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UPDATED: State Finalizing Deals For Other Pfizer Buildings in Groton

'I’d like to encourage all parties to come together at least one more time.'

The Governor’s Chief of Staff said today the state still believes the Pfizer site in Groton has potential for future economic development. 

“After months of negotiations, this decision by Pfizer is very disappointing, especially considering that the state was ready to provide substantial support to keep the building from being demolished,” Mark Ojakian said in a statement issued through a spokesman.  

But he said deals with stakeholders who will reside in other buildings are nearly final and the governor’s office hopes to announce those shortly.

“We also believe there is a tremendous potential for economic development at the site, and will continue to have conversations to turn that potential into reality,” Ojakian said.

Original story

The vice chairman of Groton’s economic development commission says its not too late to save Pfizer's former research headquarters from demolition and agree on a development plan that is acceptable to the state and the company.

George Mathanool was part of a group that sought to create a private entity to manage the headquarters and other vacant buildings on Groton’s Pfizer campus by creating a foundation of shareholders, and then a for-profit company to seek private investors and tenants.

“I think at this point there is a certain level of impasse,” Mathanool said. But he added, “I believe we still have time, maybe until April, to convince Pfizer with the right plan that may provide shareholder confidence.”

“I don’t think all is lost until the ball hits the wall.”

known as Building 118 on Eastern Point Road, and would raze the former headquarters.

State Senators Andrew Maynard (D-Stonington), Andrea L. Stillman (D-Waterford), Representatives Ted Moukawsher (D-Groton), Elissa Wright (D-Groton), and Betsy Ritter (D-Waterford) released a joint statement expressing "extreme disappointment" with the company’s decision.

“Frankly, this is a slap in the face to all of us who worked so hard to see this building repurposed,” Maynard said in the statement.

Moukawsher said he believed the company never intended to sell or lease the building but wanted to wreck it and take the tax write-off.

“A truly promising outcome for Building 118 has been thwarted by corporate cold-bloodedness,” he wrote.

But Mathanool said all corporations must answer to shareholders; it’s the nature of publicly-owned companies. He said Pfizer has been magnanimous for more than 70 years and needs goodwill from Southeastern Connecticut as well as an understanding of its concern over economic espionage, or the security of its intellectual property.

Under the proposal by Mathanool, a former international banker; Robert Frink, a former project manager for construction and technology projects; and Eric Foster, a former Federal Reserve and trade association attorney, a foundation could be organized with stakeholders including those appointed by the state.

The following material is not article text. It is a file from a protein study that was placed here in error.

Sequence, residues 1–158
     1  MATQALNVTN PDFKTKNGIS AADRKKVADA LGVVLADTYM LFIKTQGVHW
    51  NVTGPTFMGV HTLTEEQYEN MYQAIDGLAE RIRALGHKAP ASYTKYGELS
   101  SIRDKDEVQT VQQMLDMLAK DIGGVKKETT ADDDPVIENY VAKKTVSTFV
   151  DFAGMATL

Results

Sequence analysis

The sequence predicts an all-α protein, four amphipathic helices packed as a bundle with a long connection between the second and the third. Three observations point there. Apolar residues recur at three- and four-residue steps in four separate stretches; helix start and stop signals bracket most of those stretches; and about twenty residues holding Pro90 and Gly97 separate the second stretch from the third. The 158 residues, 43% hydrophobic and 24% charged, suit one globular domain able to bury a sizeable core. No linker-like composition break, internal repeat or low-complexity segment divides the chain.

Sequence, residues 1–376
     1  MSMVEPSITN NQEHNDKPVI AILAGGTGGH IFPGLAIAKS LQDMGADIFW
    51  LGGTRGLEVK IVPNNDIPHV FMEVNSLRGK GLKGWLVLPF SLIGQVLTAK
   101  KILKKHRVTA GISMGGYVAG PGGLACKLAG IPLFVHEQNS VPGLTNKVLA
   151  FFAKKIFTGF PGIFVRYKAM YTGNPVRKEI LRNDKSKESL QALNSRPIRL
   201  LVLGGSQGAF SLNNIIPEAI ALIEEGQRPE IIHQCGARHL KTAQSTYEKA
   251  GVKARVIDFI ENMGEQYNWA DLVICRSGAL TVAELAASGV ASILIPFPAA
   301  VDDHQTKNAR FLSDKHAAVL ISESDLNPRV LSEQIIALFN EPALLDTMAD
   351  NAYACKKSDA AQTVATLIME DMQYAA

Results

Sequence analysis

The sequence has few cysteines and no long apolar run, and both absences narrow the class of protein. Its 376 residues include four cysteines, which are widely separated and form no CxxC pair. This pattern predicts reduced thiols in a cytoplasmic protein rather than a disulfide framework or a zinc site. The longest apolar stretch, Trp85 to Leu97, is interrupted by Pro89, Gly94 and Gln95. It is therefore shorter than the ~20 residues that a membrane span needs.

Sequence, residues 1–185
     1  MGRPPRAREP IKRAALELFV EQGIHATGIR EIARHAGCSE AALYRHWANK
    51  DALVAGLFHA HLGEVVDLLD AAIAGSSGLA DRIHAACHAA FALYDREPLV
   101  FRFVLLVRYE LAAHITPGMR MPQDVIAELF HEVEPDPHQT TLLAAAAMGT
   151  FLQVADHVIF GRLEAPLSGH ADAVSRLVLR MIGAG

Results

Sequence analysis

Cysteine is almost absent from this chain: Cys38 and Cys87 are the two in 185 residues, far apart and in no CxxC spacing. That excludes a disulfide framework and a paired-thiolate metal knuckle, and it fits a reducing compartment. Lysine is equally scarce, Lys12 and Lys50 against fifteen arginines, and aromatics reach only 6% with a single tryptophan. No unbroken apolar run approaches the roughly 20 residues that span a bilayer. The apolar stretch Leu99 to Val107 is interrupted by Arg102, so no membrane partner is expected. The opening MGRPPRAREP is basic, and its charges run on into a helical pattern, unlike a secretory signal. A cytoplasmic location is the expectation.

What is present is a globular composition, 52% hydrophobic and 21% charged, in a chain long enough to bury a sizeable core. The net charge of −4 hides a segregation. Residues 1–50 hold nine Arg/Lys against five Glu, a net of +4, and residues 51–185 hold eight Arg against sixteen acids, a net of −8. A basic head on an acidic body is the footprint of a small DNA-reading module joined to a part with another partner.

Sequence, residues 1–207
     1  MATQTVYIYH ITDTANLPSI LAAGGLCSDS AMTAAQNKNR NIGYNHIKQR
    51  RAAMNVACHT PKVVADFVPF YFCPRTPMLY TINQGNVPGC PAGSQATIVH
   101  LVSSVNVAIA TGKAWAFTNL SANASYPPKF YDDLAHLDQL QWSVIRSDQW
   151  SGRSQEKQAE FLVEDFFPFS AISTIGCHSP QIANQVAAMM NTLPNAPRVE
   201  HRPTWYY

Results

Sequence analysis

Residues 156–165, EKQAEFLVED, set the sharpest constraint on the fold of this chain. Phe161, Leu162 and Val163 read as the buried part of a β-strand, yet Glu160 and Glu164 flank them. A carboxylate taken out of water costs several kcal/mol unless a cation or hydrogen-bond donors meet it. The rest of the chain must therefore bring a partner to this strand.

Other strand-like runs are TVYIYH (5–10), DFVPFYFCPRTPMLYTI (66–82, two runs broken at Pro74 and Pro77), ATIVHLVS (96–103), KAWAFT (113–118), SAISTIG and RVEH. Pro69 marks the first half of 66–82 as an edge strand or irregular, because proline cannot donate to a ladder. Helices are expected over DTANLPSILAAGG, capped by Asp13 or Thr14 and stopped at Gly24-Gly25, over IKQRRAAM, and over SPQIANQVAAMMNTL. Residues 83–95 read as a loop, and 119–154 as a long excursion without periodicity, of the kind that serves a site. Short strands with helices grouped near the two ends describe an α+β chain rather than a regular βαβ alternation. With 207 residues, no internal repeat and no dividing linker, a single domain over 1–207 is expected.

Pfizer could then sell the property to the foundation for a nominal amount, such as the cost of demolition. Next, the group would set up a for-profit company to seek private investors, lessees for the space and pay dividends back to the foundation.

Mathanool said it costs $18 million to keep Building 118 open if all lights are on and all areas are properly heated and cooled. But he said this is not necessary;  the building is divided inside, so all the lights do not have to be on, he said.

“The idea is that we’ve got to be cognizant of Pfizer’s business (security concerns), and whatever business we bring in there has to go to be acceptable to Pfizer, unless we’re demanding that Pfizer pack up and leave next month,” he said.

He said the alternative – waiting too long or letting the building go - could have a devastating impact on the region. Pfizer employs 3,500 people, and for every one that leaves, it affects five other jobs. 

“I think the public needs to be worried, because if this thing falls through, it’s going to hit everybody in their stomach. What we say in Asia is, ‘It’s going to hit people in the rice bowl. In their rice bowl where they eat’,” he said.

“I’d like to encourage all parties to come together at least one more time.”

Robert Henderson March 28, 2013 at 05:26 PM
Let's not paint Pfizer as the enemy here. They've been a good corporate citizen, and they still have a strong presence in the area. And as the article suggested, it's just business, it's not personal. I think the community needs to know if there are specific initiatives that can be taken to move this thing forward, and if any help is needed by residents of the area.
CA March 29, 2013 at 12:13 PM
Totally agree with this comment above. The economy is hurting everywhere and people are losing jobs left and right. Why don't officials at the state and federal level take pay cuts to help the people in the state and in the country instead of trying to raise taxes during tough times.
Genevieve Cerf March 29, 2013 at 05:18 PM
Public officials at EVERY LEVEL need to take pay cuts in order to restore parity with the private sector, which has been ruthless, but increasingly powerful and influential with cost-cutting and "creative destruction". This would allow us to regain a foothold to make Groton a vibrant, cost effective place to do business. Right now, the overly high local property tax rate is not helping us with Pfizer, prospective developers, or new businesses. We have a high poverty rate and we need to support the education budget as much as possible, but the payroll and benefits of Town Operations and the School Administration are much too high. The Town could still function acceptably with fewer employees.

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